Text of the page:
Greenland's ice sheet is melting so fast that researchers will have to move the goalposts to estimate the impact on humans in the coming years. That's according to the Ice Sheet Mass Balance Inter-Comparison Exercise, a consortium of nearly 100 polar scientists who reviewed all satellite observations of the ice sheet from 1992 to 2018. They found Greenland is losing ice seven times faster than it was in the 1990s, at a speed and scale worse than predicted by the Intergovernmental Panel on Climate Change, reports the Guardian. Its mid-range projection in 2013 estimated 360 million people would be at risk of coastal flooding every year by 2100, owing to 60 centimeters of sea level rise, per the BBC. The new findings, published Tuesday in Nature, push that estimate to 67 centimeters, suggesting 400 million people will be at risk.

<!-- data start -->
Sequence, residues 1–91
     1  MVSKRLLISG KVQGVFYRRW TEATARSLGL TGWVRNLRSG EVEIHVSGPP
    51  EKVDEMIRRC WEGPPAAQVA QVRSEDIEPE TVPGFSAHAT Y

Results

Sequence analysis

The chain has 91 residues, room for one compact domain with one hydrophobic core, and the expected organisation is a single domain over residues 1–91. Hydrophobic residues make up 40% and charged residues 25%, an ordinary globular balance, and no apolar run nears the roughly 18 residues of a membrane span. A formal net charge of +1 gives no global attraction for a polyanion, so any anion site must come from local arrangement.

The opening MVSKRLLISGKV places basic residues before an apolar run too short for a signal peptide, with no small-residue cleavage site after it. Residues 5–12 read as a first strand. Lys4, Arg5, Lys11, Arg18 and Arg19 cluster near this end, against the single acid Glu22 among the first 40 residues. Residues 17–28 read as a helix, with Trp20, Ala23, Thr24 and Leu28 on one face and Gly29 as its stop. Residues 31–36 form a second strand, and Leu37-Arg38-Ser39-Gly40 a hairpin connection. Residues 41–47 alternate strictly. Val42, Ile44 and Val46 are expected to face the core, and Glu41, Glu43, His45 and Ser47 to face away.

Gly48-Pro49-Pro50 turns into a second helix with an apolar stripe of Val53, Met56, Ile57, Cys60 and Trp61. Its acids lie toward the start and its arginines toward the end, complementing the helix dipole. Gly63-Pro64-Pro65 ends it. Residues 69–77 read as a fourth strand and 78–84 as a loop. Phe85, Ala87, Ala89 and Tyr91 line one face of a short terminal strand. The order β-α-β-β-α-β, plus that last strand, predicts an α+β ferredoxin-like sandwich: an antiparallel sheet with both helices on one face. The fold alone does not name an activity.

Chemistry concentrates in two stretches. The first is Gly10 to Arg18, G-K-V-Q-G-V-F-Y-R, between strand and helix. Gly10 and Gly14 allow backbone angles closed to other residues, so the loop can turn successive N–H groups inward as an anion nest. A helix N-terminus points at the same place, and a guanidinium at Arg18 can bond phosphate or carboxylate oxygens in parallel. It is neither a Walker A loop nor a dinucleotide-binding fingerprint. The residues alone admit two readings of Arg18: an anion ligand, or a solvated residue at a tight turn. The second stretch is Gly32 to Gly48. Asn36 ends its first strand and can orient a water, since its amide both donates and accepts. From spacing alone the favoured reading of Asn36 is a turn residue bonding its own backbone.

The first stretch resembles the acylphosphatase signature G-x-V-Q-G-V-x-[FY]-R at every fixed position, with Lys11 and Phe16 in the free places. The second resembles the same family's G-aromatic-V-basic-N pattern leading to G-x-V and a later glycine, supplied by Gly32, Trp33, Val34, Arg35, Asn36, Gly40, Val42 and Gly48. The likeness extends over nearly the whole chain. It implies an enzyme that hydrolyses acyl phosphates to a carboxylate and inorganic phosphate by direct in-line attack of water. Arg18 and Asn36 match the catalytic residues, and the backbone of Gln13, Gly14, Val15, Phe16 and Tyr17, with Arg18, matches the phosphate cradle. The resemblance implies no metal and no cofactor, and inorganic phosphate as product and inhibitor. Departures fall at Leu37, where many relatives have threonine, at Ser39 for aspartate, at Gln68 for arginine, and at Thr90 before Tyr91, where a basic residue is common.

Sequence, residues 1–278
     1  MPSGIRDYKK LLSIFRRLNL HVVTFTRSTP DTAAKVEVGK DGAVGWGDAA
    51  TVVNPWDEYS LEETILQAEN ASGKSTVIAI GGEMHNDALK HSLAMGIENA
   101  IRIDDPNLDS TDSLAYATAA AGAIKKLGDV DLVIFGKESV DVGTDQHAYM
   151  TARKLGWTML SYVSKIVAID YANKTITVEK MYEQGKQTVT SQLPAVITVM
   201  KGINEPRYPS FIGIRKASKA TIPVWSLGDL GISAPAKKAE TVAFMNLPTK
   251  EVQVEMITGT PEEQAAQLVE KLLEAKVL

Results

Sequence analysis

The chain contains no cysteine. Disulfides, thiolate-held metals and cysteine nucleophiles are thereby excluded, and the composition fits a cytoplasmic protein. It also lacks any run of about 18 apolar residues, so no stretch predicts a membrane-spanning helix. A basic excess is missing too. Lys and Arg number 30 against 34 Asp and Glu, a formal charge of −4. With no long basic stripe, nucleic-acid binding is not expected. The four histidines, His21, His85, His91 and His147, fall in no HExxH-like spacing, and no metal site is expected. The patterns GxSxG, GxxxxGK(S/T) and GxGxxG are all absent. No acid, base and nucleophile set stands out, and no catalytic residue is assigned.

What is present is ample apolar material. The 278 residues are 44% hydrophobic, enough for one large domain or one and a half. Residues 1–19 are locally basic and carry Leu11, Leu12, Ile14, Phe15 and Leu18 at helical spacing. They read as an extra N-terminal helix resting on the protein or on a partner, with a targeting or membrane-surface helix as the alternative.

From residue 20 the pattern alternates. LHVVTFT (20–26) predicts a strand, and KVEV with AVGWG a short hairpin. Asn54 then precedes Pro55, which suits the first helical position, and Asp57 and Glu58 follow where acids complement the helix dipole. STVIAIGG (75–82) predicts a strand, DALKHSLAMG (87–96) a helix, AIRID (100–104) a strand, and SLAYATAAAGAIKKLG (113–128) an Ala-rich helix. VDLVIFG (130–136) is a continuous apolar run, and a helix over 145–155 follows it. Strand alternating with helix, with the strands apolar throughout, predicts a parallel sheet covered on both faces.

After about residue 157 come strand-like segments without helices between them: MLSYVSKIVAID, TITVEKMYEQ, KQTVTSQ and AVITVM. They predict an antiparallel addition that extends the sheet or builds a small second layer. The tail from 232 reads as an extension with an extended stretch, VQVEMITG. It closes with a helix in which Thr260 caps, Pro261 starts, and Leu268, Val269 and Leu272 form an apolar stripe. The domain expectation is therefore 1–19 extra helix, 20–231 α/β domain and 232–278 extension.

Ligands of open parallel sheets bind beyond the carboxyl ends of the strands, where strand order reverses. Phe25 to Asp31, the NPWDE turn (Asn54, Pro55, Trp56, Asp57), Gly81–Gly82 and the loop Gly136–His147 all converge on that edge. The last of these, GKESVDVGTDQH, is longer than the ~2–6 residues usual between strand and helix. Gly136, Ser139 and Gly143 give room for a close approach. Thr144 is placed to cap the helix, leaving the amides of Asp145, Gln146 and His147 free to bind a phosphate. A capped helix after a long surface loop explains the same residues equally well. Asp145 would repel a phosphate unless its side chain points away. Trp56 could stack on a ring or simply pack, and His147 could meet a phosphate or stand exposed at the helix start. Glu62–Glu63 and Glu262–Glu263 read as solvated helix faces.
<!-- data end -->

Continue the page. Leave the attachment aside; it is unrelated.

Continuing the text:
Essentially, "the mid-range scenario becomes what was previously the upper scenario, and they will have to invent a new upper scenario, because one currently doesn't exist," co-lead investigator Andrew Shepherd tells the Washington Post, noting that "just 1 centimeter of sea-level rise brings another 6 million people into seasonal, annual floods." The ice sheet has already lost about 4 trillion tons of ice since 1992, for a sea-level rise of just over a centimeter. In the '90s, the rate of loss was about 33 billion tons per year, though it now sits at 254 billion tons per year. Ice loss was even worse this year, around 400 million tons. Flooding and more dangerous storms "are not unlikely events or small impacts," Shepherd warns. They "are happening and will be devastating for coastal communities." (More on the melt here.)